COP27: Breakthrough Agenda launched

Decarbonisation Day at COP27 saw the launch of the Breakthrough Agenda, a collaboration between major countries that sets out a 12-month plan to help make clean technologies cheaper and more accessible.

The agenda was supported by US Special Presidential Envoy for Climate John Kerry, who commented, “The Breakthrough Agenda is galvanizing action in this decisive decade across the world’s most important economic sectors to decarbonize. Government cooperation, in collaboration with the private sector through the First Movers Coalition, can scale critical technologies and create new markets. I congratulate our close partners the United Kingdom on the continued success of the Breakthrough Agenda.”

The Breakthrough Agenda countries representing more than 50% of global GDP set out sector-specific ‘Priority Actions’ to decarbonise power, transport and steel, scale up low-emission hydrogen production and accelerate the shift to sustainable agriculture by COP28. These measures are designed to cut energy costs, rapidly reduce emissions and boost food security for billions of people worldwide.

The actions under each breakthrough will be delivered through coalitions of committed countries – from the G7, European Commission, India, Egypt, Morocco and others, supported by leading international organizations and initiatives, and spearheaded by a core group of leading governments. These efforts will be reinforced with private finance and leading industry initiatives and further countries are encouraged to join.

The Priority Actions include agreements to:

• Develop common definitions for low-emission and near-zero emission steel, hydrogen and sustainable batteries to help direct billions of pounds in investment, procurement and trade to ensure credibility and transparency

• Ramp up the deployment of essential infrastructure projects including at least 50 large scale net-zero emission industrial plants, at least 100 hydrogen valleys and a package of major cross-border power grid infrastructure projects

• Set a common target date to phase out polluting cars and vehicles, consistent with the Paris Agreement. Significant backing for the dates of 2040 globally and 2035 in leading markets will be announced by countries, businesses and cities on Solutions Day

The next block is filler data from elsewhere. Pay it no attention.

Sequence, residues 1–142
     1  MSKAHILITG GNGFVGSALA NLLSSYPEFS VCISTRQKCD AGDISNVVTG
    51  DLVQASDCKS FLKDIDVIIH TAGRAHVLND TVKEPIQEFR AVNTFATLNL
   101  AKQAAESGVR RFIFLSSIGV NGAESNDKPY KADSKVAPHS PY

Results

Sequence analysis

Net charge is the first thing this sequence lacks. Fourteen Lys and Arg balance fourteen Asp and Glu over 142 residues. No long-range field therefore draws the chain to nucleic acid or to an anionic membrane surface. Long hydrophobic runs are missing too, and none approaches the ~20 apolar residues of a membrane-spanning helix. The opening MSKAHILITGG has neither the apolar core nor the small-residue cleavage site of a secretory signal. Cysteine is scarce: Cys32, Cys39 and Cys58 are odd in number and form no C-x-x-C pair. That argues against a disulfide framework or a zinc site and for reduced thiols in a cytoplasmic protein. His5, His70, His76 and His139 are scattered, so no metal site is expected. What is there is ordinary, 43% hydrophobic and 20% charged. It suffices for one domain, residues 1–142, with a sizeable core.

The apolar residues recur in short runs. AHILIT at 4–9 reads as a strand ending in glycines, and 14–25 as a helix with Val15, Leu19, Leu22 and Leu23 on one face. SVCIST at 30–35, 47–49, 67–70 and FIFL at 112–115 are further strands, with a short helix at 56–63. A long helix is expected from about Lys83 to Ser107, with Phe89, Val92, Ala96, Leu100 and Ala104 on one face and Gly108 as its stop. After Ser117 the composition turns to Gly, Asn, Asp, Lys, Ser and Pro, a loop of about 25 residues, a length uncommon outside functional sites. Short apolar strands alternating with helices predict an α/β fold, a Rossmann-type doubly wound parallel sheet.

• Use billions of pounds of private and public procurement and infrastructure spend to stimulate global demand for green industrial goods

• Systematically strengthen financial and technological assistance to developing countries and emerging markets to support their transitions backed up by a range of new financial measures, including the world’s first major dedicated industry transition programme under the Climate Investment Funds

• Drive investment in agriculture research, development & demonstration (RD&D) to generate solutions to address the challenges of food insecurity, climate change and environmental degradation

The priority actions are being supported and accelerated by a raft of developments across industry and government-led initiatives, with accompanying key announcements seen today and throughout COP27. These include:

• The First Movers Coalition, which launched at COP26 to help drive industrial decarbonisation, has expanded to 10 new corporate members including PepsiCo, General Motors, Rio Tinto and ETEX, to reach 65 in total with a combined market cap of about $8 trillion. Together they commit $12bn to commercialize zero-carbon technology to decarbonize the heavy industry and long-distance transport sectors, responsible for 30% of global emissions.

• The First Movers Coalition also launched its cement and concrete sector, with newly announced companies committing to purchase at least 10% near-zero carbon cement and concrete per year by 2030.

• A package of new financial announcements for industrial transitions: the launch of the Climate Investment Funds’ (CIFs) new Industry Transition Programme – the world’s first large scale dedicated finance programme for developing country industry transitions; a $410m green hydrogen investment in Egypt led by the EBRD; and World Bank plans to develop a $1.6bn green hydrogen global programme.

• This comes on top of recently confirmed plans to launch by COP28 the ‘CIFs Capital Market Mechanism’ – a new initiative instrument that modelling has shown will generate billions of dollars a year in extra finance into sector transitions over the next 10 years.

• The Mission Possible Partnership (MPP), an alliance of leading climate organizations, released 2030 Milestones for seven hard-to-abate industrial and transport sectors, following publication of transition strategies endorsed by more than 200 industrial companies.

• MPP will also provide advisory and technical support for accelerated decarbonisation projects in two industrial hubs in Houston and Los Angeles, United States, to scale first projects spanning multiple hard-to-abate industrial and transport sectors and inform the next wave of green industrial clusters.

• The Africa Net-Zero Concrete Group has launched and the first African Net-Zero Concrete National Roadmap has been set by Egypt.

• Meanwhile, a joint statement will be launched between the largest green hydrogen developers and shipping actors mutually committing to produce and use green hydrogen-derived fuels by 2030 and beyond.

Alok Sharma, COP26 President commented, “Since we launched the Breakthrough Agenda at COP26, the world has changed and we are facing a perilous geopolitical and economic situation. That only makes international collaboration more urgent. That’s why I am pleased that countries representing over 50% of global GDP have now agreed to a set of priority actions for implementation. Now, it is vital for all to deliver and demonstrate real progress as we move forward. This is integral to achieving the 2030 goal of making clean technology affordable, available and accessible to all.”